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Early detection of outdoor aerosol releases of anthrax is an important problem. The Bayesian Aerosol Release Detector (BARD) is a system for detecting releases of aerosolized anthrax and characterizing them in terms of location, time and quantity. Modelling a population's exposure to aerosolized anthrax poses a number of challenges. A major difficulty is to accurately estimate the exposure level--the number of inhaled anthrax spores--of each individual in the exposed region. Partly, this difficulty stems from the lack of fine-grained data about the population under surveillance. To cope with this challenge, nearly all anthrax biosurveillance systems, including BARD, ignore the mobility of the population and assume that exposure to anthrax would occur at one's home administrative unit--an assumption that limits the fidelity of the model.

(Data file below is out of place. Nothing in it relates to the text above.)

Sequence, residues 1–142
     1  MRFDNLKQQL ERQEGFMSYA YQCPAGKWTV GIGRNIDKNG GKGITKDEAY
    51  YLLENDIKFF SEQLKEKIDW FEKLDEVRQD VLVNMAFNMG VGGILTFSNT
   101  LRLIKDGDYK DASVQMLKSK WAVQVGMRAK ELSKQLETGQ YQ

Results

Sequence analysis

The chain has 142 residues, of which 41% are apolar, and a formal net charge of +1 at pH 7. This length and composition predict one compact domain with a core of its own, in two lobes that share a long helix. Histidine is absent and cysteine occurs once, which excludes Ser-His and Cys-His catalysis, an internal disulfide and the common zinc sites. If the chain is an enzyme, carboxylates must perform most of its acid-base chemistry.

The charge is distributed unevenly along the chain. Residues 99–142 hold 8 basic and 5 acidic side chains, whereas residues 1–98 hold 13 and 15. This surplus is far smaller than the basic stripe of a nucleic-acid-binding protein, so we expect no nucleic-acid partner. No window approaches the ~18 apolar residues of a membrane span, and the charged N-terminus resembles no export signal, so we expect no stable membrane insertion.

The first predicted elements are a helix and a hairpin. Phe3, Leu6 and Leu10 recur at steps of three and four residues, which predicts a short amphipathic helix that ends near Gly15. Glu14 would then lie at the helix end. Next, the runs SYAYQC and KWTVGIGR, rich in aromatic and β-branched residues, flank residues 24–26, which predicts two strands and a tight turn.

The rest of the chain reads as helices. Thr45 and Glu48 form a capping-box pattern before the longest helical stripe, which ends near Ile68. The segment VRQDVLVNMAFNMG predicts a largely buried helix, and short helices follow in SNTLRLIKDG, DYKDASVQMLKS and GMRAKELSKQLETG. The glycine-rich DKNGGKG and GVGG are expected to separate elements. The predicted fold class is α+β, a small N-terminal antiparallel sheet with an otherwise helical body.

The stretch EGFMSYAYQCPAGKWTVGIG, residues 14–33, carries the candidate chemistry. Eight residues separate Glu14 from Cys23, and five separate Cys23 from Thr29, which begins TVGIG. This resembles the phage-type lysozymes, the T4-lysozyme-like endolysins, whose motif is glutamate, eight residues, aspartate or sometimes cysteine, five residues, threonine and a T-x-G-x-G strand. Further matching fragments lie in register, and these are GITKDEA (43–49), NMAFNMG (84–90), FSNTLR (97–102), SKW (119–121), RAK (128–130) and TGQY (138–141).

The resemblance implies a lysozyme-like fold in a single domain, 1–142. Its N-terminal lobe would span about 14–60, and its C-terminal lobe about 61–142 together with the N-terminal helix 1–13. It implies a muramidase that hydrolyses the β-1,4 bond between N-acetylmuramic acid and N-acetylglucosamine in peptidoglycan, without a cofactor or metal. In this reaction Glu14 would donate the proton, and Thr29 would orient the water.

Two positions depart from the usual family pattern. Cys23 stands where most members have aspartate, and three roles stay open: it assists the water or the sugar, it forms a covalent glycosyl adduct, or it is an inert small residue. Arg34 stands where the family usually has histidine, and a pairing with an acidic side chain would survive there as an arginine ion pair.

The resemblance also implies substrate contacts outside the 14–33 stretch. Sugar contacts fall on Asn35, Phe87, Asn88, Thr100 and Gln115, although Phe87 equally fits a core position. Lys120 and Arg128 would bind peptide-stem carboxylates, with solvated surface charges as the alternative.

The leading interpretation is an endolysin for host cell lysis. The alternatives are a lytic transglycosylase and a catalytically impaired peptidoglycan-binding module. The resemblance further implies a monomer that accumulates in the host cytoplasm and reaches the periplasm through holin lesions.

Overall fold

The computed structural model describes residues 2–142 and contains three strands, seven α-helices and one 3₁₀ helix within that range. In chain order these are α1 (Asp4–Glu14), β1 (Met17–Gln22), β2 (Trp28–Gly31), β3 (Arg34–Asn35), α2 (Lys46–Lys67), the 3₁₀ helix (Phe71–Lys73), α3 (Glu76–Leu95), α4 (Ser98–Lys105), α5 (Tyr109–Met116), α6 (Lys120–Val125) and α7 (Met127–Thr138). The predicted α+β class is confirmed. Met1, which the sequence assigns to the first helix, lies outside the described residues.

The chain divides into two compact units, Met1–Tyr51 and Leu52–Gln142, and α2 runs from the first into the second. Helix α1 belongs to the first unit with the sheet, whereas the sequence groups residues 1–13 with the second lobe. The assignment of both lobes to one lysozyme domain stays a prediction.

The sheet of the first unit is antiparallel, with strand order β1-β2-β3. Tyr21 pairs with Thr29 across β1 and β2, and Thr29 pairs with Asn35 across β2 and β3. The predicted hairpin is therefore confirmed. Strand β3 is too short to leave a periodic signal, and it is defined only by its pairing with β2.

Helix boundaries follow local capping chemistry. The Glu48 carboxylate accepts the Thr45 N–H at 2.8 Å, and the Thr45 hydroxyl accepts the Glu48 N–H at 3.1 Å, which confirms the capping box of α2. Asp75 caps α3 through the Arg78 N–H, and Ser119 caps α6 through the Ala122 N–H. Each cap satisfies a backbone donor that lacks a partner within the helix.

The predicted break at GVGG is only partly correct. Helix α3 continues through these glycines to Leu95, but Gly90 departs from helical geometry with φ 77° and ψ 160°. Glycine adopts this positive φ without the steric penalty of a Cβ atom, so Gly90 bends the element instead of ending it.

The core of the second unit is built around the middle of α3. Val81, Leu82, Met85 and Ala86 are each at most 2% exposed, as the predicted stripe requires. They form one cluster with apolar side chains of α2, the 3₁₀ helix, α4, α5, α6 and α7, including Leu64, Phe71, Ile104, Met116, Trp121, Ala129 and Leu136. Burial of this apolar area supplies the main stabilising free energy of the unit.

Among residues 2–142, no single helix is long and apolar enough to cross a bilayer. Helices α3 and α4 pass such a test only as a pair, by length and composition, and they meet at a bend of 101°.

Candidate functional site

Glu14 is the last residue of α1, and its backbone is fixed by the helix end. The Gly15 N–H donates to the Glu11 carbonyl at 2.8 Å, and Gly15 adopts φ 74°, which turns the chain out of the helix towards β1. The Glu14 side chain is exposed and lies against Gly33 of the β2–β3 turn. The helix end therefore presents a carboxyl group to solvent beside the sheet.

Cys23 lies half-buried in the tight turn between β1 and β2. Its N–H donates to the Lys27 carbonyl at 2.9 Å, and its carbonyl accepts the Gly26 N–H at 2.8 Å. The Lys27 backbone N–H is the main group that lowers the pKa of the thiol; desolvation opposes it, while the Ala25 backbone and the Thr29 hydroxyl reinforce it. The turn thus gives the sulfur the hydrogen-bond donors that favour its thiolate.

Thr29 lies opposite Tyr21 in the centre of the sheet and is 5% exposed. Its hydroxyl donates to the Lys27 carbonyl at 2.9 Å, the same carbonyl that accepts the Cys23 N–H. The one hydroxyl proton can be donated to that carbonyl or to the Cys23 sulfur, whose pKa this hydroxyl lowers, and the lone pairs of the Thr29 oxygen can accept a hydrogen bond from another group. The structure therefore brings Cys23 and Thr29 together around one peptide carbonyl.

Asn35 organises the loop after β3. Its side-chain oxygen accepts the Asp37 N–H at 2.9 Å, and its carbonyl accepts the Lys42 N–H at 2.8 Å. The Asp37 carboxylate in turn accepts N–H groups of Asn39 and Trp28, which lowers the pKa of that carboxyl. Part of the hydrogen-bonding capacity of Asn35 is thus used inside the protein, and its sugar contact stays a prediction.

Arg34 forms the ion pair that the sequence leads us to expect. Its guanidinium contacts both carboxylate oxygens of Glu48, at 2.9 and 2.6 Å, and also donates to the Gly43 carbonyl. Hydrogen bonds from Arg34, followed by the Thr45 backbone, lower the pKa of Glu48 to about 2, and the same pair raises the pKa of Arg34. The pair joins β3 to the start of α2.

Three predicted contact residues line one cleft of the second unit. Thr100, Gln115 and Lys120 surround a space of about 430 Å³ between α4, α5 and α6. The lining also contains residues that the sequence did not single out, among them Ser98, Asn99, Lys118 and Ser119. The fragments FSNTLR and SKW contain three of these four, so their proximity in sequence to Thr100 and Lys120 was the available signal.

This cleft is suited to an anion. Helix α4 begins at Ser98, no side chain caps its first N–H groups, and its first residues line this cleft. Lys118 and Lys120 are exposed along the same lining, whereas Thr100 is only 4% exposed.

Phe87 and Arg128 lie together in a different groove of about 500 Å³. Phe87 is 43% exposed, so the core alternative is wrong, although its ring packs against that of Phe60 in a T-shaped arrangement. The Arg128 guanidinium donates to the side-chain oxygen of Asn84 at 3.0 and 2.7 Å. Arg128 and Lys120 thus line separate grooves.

We employed commuting data provided by the U.S. Census Bureau to parameterize a commuting model. Then, we developed methods for integrating commuting into BARD's simulation and detection algorithms and conducted two studies to measure the effect. The first study (simulation study) was designed to assess how BARD's detection and characterization performance are impacted by incorporation of commuting in BARD's outbreak-simulation algorithm. The second study (detection study) was designed to measure the effect of incorporating commuting in BARD's outbreak-detection algorithm.